Through our workings together we both discovered that the one area that we all miss as S&C coaches is what we call cognitive training, actually training the brain. Even though speed and power comes from the body physiologically, it starts in the brain.

“I suppose when we compared notes on the work that he did with the likes of Ronaldo, and the work I did with [Brian] O’Driscoll, [Paul] O’Connell and [Ronan] O’Gara, we found that we had a parallel between ourselves.

“We did a lot of decision making with the ball in our training and we find that produces the better athletes and Mick was the same. The philosophy is speed and power, but in this last number of years I’ve also been doing a lot of work on the cognitive side as well.”

Mike McGurn and Bernard Dunne McGurn and Bernard Dunne. Source: James Crombie/INPHO

A huge psychological aspect of sport is the fact that athletes often don’t enjoy certain features of their training.

Strength and conditioning and gym work is often that area that’s unfavoured. Some sportspeople would rather focus on their actual sport, instead of putting in countless hours in the gym.

Many athletes would rather spend their time on the track, swimmers in the pool and football and rugby players on the pitch. That was the case for Brian O’Driscoll anyway.

“Brian [wasn't a fan of the gym] because of his experience of S&C with other people. His normal gym session was an hour and half, or an hour and forty. I don’t believe in that. My gym sessions last about 25 or 30 minutes but you actually fall out of the gym.

“The way that I got Brian on side was saying ‘right Brian, this is a 25 minute gym session. Get in, rip the place apart and fall out of the place.’

“I can sympathise with athletes that see S&C as a chore because what I’ve seen a lot is that S&C sessions are too long. Any session over forty minutes is flawed. It’s too long.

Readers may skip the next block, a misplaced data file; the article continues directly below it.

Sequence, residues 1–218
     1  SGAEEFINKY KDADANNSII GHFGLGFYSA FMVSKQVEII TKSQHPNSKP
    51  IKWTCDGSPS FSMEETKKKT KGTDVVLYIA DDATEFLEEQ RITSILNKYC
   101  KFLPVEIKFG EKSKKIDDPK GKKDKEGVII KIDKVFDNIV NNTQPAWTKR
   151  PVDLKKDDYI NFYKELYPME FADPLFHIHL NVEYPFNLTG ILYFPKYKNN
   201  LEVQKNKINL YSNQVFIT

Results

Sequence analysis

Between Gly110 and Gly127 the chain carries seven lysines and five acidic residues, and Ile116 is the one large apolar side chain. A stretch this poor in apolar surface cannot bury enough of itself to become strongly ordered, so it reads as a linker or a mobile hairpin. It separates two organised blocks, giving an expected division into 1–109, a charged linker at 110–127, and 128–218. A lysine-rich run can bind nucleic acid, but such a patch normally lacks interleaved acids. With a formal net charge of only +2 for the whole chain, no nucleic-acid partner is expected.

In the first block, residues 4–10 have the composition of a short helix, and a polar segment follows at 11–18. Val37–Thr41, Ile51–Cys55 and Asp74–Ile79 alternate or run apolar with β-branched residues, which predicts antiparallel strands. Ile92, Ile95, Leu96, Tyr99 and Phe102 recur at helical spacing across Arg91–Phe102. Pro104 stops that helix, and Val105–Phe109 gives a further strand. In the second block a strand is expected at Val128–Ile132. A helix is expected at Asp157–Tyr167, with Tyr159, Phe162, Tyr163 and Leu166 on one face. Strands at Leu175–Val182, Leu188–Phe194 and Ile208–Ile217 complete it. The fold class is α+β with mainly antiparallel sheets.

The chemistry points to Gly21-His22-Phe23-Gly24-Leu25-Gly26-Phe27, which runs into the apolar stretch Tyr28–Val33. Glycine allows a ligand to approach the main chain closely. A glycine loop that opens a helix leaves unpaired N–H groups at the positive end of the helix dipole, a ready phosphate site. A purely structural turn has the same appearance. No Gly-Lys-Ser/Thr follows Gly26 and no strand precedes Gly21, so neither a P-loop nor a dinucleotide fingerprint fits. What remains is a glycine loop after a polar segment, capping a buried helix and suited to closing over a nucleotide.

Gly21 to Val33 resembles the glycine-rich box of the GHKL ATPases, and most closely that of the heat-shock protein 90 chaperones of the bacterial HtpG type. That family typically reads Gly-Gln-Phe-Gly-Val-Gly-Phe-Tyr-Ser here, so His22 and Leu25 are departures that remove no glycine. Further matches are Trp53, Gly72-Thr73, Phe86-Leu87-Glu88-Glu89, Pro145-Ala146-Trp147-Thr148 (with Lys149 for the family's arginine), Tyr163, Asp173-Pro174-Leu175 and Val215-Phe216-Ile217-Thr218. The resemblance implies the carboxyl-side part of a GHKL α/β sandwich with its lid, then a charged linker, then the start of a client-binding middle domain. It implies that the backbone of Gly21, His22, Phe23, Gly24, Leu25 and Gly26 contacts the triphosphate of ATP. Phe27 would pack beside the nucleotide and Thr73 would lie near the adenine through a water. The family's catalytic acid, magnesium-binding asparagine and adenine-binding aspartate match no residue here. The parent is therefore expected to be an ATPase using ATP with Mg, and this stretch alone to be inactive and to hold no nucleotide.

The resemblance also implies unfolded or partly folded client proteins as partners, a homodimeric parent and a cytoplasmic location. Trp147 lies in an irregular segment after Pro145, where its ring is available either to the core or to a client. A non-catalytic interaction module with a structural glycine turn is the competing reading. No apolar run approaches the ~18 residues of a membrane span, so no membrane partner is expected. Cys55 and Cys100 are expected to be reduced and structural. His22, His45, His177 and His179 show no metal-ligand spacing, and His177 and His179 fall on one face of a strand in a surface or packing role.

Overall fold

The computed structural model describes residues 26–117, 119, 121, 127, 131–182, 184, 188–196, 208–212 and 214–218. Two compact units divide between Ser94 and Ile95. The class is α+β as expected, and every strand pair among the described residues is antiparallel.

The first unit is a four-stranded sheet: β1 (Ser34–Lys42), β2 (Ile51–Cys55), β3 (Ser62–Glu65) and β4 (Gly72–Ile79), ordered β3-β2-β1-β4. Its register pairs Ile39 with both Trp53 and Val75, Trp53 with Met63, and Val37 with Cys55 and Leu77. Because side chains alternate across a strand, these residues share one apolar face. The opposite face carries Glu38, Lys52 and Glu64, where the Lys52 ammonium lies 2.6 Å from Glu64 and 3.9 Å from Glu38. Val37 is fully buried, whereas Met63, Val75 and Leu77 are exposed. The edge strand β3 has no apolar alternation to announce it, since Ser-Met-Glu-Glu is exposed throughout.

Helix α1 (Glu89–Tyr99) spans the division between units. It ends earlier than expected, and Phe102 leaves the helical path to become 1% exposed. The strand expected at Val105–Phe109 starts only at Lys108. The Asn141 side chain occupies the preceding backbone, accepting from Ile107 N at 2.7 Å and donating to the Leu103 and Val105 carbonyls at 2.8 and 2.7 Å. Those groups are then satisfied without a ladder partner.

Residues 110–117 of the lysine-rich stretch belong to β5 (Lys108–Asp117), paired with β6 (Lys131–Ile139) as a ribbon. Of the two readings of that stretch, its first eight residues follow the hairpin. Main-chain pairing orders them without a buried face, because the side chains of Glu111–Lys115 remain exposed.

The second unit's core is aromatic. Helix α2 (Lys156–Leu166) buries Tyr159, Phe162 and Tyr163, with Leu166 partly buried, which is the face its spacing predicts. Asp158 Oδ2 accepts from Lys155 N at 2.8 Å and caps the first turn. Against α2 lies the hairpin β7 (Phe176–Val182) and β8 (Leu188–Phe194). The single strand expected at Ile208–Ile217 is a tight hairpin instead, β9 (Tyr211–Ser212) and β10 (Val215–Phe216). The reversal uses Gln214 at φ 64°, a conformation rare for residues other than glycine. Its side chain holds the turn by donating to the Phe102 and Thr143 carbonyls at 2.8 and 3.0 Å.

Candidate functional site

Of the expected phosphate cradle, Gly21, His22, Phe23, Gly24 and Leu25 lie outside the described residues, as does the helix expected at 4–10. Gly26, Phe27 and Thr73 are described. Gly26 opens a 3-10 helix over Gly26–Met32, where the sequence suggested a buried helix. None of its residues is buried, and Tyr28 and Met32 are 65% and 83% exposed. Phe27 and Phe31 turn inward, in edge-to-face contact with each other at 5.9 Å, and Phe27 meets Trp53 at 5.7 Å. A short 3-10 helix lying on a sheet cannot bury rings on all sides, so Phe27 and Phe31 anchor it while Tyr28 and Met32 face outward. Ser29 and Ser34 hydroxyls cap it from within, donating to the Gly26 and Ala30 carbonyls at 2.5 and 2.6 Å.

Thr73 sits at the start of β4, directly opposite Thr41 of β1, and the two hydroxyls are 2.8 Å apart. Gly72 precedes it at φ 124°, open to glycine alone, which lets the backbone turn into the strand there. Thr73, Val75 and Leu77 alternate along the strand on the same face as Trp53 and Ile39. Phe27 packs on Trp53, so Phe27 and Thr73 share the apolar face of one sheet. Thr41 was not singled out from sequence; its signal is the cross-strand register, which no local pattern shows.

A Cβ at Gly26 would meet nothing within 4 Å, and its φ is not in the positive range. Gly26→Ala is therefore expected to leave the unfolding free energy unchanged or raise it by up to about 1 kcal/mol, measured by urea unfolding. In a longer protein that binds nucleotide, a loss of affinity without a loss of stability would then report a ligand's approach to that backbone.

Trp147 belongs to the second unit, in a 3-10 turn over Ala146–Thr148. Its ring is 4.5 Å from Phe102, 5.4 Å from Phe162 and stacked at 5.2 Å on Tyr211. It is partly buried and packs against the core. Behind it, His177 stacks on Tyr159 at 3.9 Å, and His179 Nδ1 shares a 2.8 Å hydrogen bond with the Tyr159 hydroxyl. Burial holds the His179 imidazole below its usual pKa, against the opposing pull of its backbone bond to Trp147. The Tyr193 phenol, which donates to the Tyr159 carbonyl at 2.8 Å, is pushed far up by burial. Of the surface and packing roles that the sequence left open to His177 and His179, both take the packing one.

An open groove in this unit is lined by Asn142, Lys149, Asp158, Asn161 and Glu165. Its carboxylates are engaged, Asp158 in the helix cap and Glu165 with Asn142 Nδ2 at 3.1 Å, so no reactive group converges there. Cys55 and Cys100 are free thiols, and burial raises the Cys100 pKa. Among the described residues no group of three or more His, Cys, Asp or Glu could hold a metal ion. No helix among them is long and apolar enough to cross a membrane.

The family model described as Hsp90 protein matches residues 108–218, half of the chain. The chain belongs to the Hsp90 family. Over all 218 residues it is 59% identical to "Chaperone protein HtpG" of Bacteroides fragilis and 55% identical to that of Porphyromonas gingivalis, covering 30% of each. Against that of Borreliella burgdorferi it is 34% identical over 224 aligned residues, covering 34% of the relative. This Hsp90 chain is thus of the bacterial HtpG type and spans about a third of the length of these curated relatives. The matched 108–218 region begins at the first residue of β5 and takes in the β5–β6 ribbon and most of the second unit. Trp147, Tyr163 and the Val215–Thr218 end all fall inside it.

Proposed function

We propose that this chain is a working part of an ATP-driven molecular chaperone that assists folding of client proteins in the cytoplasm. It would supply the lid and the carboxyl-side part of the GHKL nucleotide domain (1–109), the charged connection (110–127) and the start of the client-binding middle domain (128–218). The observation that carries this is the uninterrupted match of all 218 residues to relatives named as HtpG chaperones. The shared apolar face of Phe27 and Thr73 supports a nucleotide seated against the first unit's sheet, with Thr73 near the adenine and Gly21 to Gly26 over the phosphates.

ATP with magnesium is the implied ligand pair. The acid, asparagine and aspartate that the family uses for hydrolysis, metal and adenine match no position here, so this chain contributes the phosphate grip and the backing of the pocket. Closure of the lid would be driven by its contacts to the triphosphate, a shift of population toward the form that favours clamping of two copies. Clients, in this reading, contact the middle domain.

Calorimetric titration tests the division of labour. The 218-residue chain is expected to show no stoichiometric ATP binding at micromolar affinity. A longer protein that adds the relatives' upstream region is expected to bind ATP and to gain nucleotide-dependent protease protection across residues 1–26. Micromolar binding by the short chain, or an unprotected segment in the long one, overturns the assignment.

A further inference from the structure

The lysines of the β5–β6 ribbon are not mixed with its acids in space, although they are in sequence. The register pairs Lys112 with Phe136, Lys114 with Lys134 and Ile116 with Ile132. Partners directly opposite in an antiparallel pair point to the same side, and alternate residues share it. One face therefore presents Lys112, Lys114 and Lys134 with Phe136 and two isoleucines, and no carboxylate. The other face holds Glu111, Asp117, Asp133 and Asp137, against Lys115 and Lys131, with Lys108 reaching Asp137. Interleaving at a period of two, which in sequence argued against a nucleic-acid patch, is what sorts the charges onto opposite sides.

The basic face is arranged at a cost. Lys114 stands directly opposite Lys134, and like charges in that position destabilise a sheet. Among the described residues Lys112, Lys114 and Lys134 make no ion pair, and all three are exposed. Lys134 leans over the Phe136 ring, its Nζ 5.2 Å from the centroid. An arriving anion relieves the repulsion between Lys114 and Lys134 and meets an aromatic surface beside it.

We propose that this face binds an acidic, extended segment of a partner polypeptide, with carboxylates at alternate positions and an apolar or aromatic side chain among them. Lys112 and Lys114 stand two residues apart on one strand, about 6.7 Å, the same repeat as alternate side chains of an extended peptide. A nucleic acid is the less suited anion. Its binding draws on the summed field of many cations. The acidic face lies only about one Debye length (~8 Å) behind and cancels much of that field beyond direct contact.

“Once you go over forty minutes, you don’t evolve any more. You become a thing called catabolic so you actually break down muscle rather than develop muscle.

“I can sympathise with people who say ‘I don’t’ like S&C it’s too boring.” I’ve met quite a few athletes in the past who said that their gym sessions last 90 minutes to two hours, and that’s far too long.”

From Enniskillen, but based in Belfast for the past 12 years, McGurn has a huge interest in GAA and he has strong opinions in response to the issue of burnout and over-training.

“There’s been plenty said about it, but nothing’s been acted upon. There’s a lot of unnecessary training done in various sports. People are doing training that there’s no need to do. It has no relevance to the sport itself, people are just putting time in.

GAA is probably the biggest culprit. I don’t think GAA players overtrain, because when you look at what other athletes do, they train far harder. But what GAA players do do is they under recover.

“They do maybe 90 minutes or two hours training, but they don’t get enough sleep and rest, and they go to work the next day. It’s their environment that’s the problem. It’s the fact they’re not getting enough sleep and resting. They go to bed for 8 hours, get up, go to work and train again, and that’s not ideal.